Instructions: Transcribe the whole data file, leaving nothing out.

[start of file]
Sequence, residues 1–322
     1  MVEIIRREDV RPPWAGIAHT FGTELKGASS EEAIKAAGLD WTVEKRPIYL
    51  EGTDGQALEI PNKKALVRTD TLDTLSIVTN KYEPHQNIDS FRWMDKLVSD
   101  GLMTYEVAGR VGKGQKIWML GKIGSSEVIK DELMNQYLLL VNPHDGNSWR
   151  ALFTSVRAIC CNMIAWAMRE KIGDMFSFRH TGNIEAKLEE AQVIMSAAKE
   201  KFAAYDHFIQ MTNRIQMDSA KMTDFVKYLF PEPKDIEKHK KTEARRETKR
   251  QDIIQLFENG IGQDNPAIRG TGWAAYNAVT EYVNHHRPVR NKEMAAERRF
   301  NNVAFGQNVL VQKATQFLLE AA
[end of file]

Sequence, residues 1–322
     1  MVEIIRREDV RPPWAGIAHT FGTELKGASS EEAIKAAGLD WTVEKRPIYL
    51  EGTDGQALEI PNKKALVRTD TLDTLSIVTN KYEPHQNIDS FRWMDKLVSD
   101  GLMTYEVAGR VGKGQKIWML GKIGSSEVIK DELMNQYLLL VNPHDGNSWR
   151  ALFTSVRAIC CNMIAWAMRE KIGDMFSFRH TGNIEAKLEE AQVIMSAAKE
   201  KFAAYDHFIQ MTNRIQMDSA KMTDFVKYLF PEPKDIEKHK KTEARRETKR
   251  QDIIQLFENG IGQDNPAIRG TGWAAYNAVT EYVNHHRPVR NKEMAAERRF
   301  NNVAFGQNVL VQKATQFLLE AA